Back in April, the Erlang community was stunned to hear that we had been given an answer to IPython, IHaskell, and IJulia – IErlang. However, as Robbie noted in the list of outstanding issues at the end of the IErlang demo notebook, not a lot of time had been set aside to develop a more standard project structure. Furthermore, the setup and installation of IErlang to get to the point where you could try it out was a rather arduous process. All of that has now changed …

Running the New Demo

The IErlang project has a series of open PRs that address several of the organizational issues Robbie had lamented, but you don't have to wait until they get merged; you can get it now:

$ git clone
$ cd ierlang
$ make demo

Yup. That's it.

This will do the following for you:

  • Set up a Python virtual environment in the project's working directory (in ./.venv-py2)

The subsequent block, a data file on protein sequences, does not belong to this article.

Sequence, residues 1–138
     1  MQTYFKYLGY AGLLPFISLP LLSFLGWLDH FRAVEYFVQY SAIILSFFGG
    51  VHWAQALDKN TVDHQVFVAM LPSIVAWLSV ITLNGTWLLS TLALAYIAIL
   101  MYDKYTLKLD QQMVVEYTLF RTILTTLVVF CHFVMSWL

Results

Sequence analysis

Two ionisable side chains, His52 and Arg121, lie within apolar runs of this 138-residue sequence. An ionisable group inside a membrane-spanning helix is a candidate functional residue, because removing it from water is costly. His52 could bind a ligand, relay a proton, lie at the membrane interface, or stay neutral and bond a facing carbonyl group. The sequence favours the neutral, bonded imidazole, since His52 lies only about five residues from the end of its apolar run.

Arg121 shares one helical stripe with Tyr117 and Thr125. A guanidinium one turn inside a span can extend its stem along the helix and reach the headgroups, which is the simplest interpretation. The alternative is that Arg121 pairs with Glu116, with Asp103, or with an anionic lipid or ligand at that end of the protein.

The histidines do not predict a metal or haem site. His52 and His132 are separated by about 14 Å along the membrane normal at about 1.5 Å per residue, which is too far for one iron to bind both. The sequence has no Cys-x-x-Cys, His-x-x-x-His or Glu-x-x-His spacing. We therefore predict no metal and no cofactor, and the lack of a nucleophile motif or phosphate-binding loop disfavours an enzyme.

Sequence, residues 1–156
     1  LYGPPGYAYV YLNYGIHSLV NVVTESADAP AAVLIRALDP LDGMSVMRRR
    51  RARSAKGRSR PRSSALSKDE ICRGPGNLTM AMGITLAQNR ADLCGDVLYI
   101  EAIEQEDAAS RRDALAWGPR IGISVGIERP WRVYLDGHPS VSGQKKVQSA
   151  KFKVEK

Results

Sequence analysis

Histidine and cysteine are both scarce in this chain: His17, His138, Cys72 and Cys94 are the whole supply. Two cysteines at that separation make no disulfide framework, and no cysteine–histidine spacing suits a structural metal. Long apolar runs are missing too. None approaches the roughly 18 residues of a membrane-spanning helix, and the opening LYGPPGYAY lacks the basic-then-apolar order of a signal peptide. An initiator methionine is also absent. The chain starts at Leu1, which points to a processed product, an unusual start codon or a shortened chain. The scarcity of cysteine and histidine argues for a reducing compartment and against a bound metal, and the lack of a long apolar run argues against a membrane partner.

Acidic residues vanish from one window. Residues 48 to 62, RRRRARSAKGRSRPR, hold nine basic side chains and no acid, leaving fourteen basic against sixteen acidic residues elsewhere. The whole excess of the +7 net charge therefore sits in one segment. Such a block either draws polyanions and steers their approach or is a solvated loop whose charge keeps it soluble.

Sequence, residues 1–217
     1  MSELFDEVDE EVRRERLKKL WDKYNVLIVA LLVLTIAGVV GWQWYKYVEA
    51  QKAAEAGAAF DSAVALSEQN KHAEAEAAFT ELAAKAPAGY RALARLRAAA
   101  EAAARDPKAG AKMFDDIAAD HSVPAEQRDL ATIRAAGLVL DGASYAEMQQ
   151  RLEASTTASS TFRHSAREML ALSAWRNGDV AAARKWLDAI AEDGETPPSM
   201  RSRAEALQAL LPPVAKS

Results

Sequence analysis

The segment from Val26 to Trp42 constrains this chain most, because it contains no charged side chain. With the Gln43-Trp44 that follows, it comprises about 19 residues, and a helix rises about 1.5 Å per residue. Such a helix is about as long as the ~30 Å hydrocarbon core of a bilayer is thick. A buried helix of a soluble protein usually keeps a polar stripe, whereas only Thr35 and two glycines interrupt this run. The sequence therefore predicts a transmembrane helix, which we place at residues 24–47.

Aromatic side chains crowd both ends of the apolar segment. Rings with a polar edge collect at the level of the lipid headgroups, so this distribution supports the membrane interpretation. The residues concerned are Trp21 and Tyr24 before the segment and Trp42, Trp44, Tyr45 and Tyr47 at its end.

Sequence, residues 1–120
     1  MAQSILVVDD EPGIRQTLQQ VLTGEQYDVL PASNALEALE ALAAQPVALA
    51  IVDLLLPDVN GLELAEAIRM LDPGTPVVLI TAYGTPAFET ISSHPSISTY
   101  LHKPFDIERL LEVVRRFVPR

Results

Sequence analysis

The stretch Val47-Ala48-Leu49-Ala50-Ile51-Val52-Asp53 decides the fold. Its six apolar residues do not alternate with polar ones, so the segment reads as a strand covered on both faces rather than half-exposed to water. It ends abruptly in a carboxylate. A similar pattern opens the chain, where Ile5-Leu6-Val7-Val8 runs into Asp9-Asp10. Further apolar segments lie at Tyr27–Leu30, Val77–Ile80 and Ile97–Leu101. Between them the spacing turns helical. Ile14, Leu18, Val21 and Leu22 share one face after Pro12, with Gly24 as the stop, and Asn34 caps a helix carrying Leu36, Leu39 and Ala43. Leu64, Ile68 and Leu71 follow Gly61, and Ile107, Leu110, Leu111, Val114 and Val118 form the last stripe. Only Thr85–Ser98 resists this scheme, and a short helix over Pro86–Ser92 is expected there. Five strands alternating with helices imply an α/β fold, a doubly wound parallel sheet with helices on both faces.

• Install IPython and its dependencies into that virtual environment
  • Patch IPython to support Erlang
  • Download the Erlang project dependencies
  • Compile the Erlang dependency modules
  • Compile the ierl_* modules
  • Start up the demo notebook in your browser


As you might have guessed, this requires that you have the following installed in your $PATH:

  • erl and erlscript
  • rebar
  • Python 2.7 (Python 3.4 support is in the works; see the ticket)

Outstanding Issues

As you can see at the bottom of the IErlang notebook demo, many of the issues that Robbie identified earlier this year still remain. In particular, I've added another one to that list: high CPU usage for both console and notebook mode.

A minor issue I didn't add, but which I may take up (being the code janitor that I am) is function-level organization in the modules: most functions are too long and entail too much logic. They need to be split out (which will also make it easier for folks to contribute).

As referenced above, currently only Python 2.7 is supported. Python 3.4 support is in-progress, but requires cleaning up str and bytes handling.

Future Work

The next logical step is to generalize this work (through refactoring!) so that LFE, Elixir, Joxa, Luerl, Erlog, Haskerl, and others may also be used with IErlang :-)



06 December 2014